Most of my heroes were the novelists of the early 20th century, people like James Joyce and William Faulkner and F. Scott Fitzgerald and Virginia Woolf, people plagued by their inner demons. On some level, I always believed that to truly succeed as a writer, you have to understand the pain within the individual, the internal torment that drives us to do the things that we do.

"Yes," I told her, almost sheepishly.

"Don't. It's not worth it. You'll succeed on your own merits; don't torture yourself," she said to me as she fingered the next card in the deck, and with a flick of the wrist, she produced it.

"This is before him: the page of cups," she said, showing a young boy holding a cup in his hand. "The page represents an approaching influence, and the influence he represents is that of an unexpected new relationship or a series of new ideas. It may be that your truly great ideas are yet to come," she said to me with a smile.

I looked down, and wished that I could believe that. I felt, at that very moment, as though I had dumped all of my worth into this novel that was being repeatedly rejected. Hillary sensed my moment of introspection and waited until my eyes met hers again before fingering the top of the deck.

"Ready?" she asked, and with a gentle nod, I indicated that I was.

"This represents him: the Moon, inverted," Hillary pronounced. She looked at the card for a moment, almost surprised. "This is a very interesting reading," she finally said. "This card is to represent your role in all of this, and the card is very positive. It means that you're willing and able to overcome minor setbacks with clarity and peace. Quite good."

For the first time in this whole reading, a smile crossed my face and I looked over at Sarah. Through my layers of disbelief in the whole system, somehow I was trusting of Hillary and the way her fingers danced along the cards, and I awaited further revelations from her.

"This surrounds him: Justice," Hillary said as her eyes studied the newly unveiled card, picturing a beautiful woman holding scales in her right hand. "This card represents your environment and, well, it's pretty much in balance right now. You have good karma and," glancing at Sarah, "I have a guess as to where it comes from."

I glanced over at Sarah, who sat in the chair with a half grin on her face. "Cute, Hillary," she said, "now you'll have him thinking I'm his good luck charm or something."

"Oh, but you are," Hillary fires back at her as I sit there, watching two old friends toss gentle phrases back and forth at one another. Sarah just smiles and looks at me as I prepare to see what else will come from Hillary's fingers.

"This is hidden from him: the knight of cups," Hillary intoned, turning over the image of a man on a horse holding a cup. "This card represents what is still unknown to you, and the knight of cups is a forceful idealist, a Don Quixote if you will. Generally, this means that something you don't expect will become a great support to you in the future, but know that it is coming."

I pondered what that could be; nothing seemed too obvious at this point. Heather seemed quite anxious to turn over the next card and said, "This next card is the final one, indicating the overall outcome of the question. Are you ready?"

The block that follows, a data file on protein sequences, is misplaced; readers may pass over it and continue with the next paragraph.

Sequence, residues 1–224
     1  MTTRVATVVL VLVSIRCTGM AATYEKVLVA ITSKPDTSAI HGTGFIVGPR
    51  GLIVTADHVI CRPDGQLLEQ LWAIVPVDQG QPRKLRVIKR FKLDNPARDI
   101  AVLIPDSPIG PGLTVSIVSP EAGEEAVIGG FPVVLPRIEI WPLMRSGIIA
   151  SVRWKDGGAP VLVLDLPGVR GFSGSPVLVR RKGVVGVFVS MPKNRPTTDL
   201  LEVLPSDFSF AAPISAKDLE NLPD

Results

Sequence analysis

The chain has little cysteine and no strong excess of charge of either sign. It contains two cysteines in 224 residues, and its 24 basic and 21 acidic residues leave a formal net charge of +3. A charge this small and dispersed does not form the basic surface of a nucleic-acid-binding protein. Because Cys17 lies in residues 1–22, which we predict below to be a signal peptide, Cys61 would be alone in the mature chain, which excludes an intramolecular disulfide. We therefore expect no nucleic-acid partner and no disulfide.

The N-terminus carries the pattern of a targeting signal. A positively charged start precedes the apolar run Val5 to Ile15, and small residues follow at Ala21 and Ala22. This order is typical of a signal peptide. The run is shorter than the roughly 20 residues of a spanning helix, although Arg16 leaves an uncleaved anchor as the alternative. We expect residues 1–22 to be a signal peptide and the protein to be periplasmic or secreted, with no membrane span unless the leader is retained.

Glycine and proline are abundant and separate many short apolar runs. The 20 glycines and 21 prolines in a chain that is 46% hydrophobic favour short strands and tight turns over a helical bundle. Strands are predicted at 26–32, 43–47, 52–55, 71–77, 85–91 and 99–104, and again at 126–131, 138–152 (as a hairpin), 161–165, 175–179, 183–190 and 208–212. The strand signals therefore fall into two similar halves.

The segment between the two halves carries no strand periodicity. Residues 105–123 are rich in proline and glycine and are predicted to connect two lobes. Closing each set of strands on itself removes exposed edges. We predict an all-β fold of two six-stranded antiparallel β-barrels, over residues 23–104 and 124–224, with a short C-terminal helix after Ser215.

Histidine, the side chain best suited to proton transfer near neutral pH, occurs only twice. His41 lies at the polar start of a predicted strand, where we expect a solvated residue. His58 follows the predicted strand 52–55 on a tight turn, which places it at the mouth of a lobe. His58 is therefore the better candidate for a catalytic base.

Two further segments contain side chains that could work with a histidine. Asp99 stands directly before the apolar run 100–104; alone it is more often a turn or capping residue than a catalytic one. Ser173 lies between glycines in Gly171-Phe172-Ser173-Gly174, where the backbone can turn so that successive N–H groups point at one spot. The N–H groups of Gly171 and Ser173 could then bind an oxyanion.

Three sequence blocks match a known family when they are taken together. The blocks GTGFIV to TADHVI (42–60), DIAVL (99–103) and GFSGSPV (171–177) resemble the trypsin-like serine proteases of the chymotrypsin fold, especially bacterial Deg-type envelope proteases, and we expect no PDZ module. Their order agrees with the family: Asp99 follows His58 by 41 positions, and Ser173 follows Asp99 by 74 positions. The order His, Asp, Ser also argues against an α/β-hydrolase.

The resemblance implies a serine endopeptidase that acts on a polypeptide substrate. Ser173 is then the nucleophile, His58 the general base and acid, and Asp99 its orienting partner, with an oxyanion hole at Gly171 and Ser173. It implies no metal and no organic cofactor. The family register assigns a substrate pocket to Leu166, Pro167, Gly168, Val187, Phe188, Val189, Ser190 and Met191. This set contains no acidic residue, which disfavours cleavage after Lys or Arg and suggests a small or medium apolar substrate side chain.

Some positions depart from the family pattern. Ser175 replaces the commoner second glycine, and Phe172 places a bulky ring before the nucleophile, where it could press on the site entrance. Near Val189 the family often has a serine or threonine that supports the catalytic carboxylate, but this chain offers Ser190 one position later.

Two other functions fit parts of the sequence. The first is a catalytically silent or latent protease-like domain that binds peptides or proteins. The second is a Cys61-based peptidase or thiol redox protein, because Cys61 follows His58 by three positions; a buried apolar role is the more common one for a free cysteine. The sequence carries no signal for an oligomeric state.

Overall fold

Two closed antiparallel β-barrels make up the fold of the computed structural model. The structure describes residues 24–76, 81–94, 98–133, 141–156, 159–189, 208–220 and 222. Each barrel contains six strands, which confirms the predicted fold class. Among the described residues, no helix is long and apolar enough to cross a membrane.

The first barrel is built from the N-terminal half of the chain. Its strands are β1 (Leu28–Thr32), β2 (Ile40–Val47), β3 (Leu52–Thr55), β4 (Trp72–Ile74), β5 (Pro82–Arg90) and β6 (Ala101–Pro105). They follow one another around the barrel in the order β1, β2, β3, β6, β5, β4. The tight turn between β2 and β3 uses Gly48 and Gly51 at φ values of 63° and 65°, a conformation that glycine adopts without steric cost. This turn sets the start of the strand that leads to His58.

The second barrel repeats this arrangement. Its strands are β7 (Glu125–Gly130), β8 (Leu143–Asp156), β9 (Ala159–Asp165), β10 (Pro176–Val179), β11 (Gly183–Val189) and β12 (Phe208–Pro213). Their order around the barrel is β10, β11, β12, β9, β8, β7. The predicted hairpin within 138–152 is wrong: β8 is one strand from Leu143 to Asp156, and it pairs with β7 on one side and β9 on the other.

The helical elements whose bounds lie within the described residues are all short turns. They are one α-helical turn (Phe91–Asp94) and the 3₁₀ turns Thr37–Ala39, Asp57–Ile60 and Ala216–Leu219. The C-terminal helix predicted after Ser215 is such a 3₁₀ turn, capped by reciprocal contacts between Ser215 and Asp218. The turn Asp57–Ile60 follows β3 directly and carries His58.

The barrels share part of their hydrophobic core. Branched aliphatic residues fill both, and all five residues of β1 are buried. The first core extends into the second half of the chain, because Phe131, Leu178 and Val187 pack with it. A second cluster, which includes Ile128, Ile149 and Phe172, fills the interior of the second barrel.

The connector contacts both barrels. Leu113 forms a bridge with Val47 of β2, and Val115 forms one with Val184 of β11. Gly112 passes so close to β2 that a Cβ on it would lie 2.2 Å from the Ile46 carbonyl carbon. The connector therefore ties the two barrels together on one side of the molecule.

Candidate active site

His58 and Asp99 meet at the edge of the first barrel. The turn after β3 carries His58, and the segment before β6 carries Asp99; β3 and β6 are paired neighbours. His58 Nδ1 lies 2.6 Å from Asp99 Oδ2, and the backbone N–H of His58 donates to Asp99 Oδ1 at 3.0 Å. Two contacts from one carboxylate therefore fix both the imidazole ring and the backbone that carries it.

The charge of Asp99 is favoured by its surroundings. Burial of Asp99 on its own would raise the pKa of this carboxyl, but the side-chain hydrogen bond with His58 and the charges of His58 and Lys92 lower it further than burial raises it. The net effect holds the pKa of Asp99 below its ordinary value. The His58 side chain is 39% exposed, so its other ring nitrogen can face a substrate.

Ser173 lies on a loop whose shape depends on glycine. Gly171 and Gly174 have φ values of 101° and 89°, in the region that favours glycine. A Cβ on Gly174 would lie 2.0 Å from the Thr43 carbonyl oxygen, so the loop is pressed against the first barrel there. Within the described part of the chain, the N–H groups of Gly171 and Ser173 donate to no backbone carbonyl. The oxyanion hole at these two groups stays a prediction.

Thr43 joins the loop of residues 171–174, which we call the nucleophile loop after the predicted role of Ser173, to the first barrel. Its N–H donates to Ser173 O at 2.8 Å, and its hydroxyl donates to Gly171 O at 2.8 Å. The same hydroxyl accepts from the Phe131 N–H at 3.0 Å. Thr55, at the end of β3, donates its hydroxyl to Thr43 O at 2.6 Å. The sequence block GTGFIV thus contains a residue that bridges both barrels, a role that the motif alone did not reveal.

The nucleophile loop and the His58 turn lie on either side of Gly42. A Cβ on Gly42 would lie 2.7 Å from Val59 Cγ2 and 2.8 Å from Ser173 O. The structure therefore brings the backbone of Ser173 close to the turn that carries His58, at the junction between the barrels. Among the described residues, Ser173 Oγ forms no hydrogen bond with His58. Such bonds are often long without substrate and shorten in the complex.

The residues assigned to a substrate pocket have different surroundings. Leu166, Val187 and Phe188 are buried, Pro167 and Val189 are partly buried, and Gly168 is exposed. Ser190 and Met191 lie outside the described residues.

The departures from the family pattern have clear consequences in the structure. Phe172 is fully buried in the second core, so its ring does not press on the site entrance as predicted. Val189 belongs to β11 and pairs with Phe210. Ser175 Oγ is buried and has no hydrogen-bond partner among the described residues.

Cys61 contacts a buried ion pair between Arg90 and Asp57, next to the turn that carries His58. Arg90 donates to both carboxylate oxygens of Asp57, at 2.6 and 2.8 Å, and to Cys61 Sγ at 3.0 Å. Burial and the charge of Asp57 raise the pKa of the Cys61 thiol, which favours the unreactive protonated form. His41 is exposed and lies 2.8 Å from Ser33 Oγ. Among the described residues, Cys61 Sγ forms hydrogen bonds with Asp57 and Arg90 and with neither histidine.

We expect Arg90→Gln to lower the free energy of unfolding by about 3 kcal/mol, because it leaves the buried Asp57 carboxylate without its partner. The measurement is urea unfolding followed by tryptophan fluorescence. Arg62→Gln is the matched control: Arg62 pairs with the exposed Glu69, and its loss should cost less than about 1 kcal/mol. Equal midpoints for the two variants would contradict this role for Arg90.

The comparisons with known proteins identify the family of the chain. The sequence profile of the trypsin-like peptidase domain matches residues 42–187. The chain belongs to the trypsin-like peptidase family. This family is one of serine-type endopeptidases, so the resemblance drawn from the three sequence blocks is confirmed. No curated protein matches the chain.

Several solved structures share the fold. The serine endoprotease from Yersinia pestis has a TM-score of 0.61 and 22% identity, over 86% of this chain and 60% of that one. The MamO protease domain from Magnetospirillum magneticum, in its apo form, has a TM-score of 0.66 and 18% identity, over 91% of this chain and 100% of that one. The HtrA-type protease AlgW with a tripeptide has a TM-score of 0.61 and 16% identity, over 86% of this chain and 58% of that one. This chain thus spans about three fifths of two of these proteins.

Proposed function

I nodded in apprehension as she turned over the card, then got a scowl on her face.

"This is the outcome: the nine of swords," she reported, her face obviously uncomfortable. "The nine of swords represents cruelty and, I hate to say this, but that's not a good sign for the book you're trying to publish. So many other signs indicate that you are headed down the correct path generally, however."

Hillary paused for a moment and looked at me. "Perhaps the cards are saying that you should become a writer, but that this novel isn't the one you should be focusing on."

I sat there, studying the cards before me, and in my heart of hearts, I knew she was right. I knew that if I gave things time to work themselves through and gave an honest effort once again, I would be able to publish in the future.

A Summary of the Reading
Significator: Queen of Cups
This covers him: The Star, inverted
This crosses him: Death, inverted
This crowns him: two of swords
This is beneath him: The Fool, inverted
This is behind him: ten of swords, inverted
This is before him: page of cups
This represents him: the Moon, inverted
This surrounds him: Justice
This is hidden from him: knight of cups
This is the outcome: the nine of swords





After The Reading: The King of Swords

We left Hillary's, and Sarah could tell that I was down. "Don't worry about it," she told me. "We both know you're a good writer, it's just that maybe this one isn't the book that will make it for you. It's up to you to make up your own mind about it, though."

Over the next several months, I became more and more despondent over this change in direction, but indeed what was predicted came to pass. I found great spiritual solace and I eventually realized that, indeed, the book I was trying to publish was far from the best of what I could produce.

What is a tarot reading, in the end, other than a clever visual metaphor for giving advice? In the hands of a good friend, this reading helped in a lot of ways to prepare me for a few tough choices, and it enabled me to be told some things I perhaps wouldn't have been willing to hear otherwise.